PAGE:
Bad Things That Are Actually Good For You: Tanning?! [New research says Vitamin D deficiency may be deadlier than skin cancer]
Posted Aug 04 2011 12:28am
This pic was taken during our photoshoot for an upcoming Shape Magazine slide show (Hint: Hip Hop is involved! Sooo fun!! Shh!). My first thought when I saw it was – and I’m just going to say this because I know you’re thinking it – “Huh, Al and I look like Turbo Jennie’s sex slaves!” (Which, for the record, was not what we were going for with this shot but whatever.) My second thought was, “Hello Casper!” Our photographer actually captioned it, “The 3 bears of skin tone.” Har har. (And my third thought was check out Jennie’s bufftastic arm!!)
“It’s official. You are the whitest person on the planet,” a friend greeted me as I showed up for Turbo Jennie’s annual outdoor birthday TurboKick extravaganza the other night.
As I stood there, already sweating so profusely in the 98 degree weather* that my shorts looked as if I’d peed myself, another Gym Buddy agreed, “Yeah, when you got here, the first thing I saw coming out of your car was your legs and I was like ‘Hey, there’s Charlotte!’”
They’re right of course. I’m so pale that I forgot my costume one year for Halloween and everyone just assumed I was Wednesday Addams.
But new research out about the advantages – yes, I wrote advanatages – of suntanning is making me rethink this milky white business. Not that I can do anything about it, mind you, but I like to rethink things I have no control over. Super fun! Anyhow, researchers found that the health problems that come from vitamin D deficiency – everything from an increased risk of Autism for a baby being carried by a deficient mother to many types of cancer – far outweigh the risk of sun cancer. Says one researcher, “ a spate of studies strongly indicating that vitamin D is the most powerful anticancer agent ever known.” Do you hear that? A whole spate of studies! According to this same article, the majority of people are terribly deficient.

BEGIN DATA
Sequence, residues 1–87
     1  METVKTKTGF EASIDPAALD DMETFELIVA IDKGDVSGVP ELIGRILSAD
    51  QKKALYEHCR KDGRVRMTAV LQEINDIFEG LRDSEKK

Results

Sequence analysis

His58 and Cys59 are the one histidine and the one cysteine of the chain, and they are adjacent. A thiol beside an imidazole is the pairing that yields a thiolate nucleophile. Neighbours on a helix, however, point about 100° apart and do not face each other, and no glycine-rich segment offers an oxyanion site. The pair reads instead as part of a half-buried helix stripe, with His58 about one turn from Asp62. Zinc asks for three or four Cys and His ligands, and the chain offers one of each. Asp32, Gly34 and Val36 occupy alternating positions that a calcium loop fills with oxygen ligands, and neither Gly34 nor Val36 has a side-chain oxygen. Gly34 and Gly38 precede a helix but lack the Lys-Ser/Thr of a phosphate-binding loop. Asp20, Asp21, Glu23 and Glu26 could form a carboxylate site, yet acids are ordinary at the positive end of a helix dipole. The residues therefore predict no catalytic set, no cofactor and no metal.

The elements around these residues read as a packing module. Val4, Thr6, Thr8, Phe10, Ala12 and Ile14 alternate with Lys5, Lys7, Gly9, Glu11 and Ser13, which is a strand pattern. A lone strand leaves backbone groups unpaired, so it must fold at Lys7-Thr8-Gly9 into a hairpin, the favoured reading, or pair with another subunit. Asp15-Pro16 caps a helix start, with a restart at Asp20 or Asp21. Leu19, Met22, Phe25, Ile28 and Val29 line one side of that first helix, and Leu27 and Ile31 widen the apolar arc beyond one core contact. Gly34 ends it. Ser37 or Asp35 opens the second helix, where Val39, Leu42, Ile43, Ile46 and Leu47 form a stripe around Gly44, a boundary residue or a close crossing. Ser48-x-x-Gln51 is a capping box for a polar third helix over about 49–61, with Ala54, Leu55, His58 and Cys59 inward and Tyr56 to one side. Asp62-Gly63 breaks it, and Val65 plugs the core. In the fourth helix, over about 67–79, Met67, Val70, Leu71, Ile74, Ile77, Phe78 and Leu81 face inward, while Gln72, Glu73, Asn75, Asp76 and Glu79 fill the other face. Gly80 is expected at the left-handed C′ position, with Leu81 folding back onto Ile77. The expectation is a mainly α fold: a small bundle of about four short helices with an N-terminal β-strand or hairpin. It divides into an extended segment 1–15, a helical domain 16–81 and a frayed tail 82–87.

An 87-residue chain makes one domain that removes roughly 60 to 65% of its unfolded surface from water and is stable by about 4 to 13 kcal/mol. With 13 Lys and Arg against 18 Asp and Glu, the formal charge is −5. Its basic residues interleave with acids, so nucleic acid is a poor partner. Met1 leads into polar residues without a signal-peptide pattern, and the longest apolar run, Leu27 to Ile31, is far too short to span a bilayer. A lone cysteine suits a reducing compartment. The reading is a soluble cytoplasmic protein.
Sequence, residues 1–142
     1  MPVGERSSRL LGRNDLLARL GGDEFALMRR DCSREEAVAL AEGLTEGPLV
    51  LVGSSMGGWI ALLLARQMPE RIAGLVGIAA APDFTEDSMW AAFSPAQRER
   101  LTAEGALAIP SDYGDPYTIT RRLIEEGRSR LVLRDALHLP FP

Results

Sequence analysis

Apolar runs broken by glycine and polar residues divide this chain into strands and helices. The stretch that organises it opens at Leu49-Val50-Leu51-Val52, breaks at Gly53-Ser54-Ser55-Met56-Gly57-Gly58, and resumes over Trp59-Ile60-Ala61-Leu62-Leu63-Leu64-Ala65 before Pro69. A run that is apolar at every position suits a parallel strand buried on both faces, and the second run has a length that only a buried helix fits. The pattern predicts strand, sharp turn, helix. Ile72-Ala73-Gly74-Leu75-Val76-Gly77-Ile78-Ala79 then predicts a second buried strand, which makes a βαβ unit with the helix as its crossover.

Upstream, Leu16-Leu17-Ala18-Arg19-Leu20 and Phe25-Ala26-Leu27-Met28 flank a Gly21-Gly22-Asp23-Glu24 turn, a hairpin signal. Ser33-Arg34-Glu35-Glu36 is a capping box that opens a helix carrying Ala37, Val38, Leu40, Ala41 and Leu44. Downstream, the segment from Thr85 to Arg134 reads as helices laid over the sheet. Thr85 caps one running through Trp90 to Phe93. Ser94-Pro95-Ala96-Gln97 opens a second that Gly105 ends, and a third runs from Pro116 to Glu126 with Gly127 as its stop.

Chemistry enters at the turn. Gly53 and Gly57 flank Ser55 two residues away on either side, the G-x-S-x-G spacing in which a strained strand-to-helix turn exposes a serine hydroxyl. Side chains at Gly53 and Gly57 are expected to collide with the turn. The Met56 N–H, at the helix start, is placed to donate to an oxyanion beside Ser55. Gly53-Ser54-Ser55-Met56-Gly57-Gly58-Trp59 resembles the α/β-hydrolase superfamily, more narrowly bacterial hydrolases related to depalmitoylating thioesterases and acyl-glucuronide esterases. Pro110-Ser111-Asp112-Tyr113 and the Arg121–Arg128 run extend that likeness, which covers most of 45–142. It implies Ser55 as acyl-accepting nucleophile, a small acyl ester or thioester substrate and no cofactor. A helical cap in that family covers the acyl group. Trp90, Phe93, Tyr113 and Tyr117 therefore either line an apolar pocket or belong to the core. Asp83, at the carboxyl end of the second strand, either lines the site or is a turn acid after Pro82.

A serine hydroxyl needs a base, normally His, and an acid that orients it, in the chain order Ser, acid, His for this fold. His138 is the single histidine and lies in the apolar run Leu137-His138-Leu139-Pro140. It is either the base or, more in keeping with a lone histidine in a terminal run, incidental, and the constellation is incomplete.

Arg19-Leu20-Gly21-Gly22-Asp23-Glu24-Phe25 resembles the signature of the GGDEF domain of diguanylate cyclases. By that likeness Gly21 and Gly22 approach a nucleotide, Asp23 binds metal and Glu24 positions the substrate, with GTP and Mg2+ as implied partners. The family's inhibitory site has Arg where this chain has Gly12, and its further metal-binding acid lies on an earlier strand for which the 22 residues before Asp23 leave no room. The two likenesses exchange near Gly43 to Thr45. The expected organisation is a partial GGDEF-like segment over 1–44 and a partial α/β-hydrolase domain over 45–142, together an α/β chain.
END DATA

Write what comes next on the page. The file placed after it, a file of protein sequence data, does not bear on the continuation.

John Cannell, MD, executive director of the Vitamin D Council, a nonprofit educational corporation, says, “everyone knows that there is an explosion of childhood cases of autism, asthma, and autoimmune disease. It all began when we took our children out of the Sun. Starting twenty-five years ago, a perfect storm of three events has changed how much sunlight children get. First came the scare of childhood sexual predators in the early eighties, then the fear of skin cancer, and finally the Nintendo and video game craze. Nowadays, kids do not play outdoors. Playgrounds are empty. You’re a bad mother if you let your child run around. And it’s almost a social services offense if your kid gets a sunburn. Never before have children’s brains had to develop in the absence of vitamin D.”
First the advice was to avoid the sun at all costs whether by UV-blocking sunscreen or clothing or both and now they’re saying that it’s more important to get your vitamin D from the sun? Frankly, neither scenario bodes well for white girls like me.
Being ultra pale has some advantages. First, I can rock a retro dress like nobody’s business (not that I have much occasion to get all Dita Von Teese’d up but whatever, I make my own occasion!) Second, I never have to worry about buying reflective gear – all I have to do is wear shorts and I’m set. Third, people can use the word “porcelain” and my name in the same sentence without it involving a frat house, a keg and a carpet stain.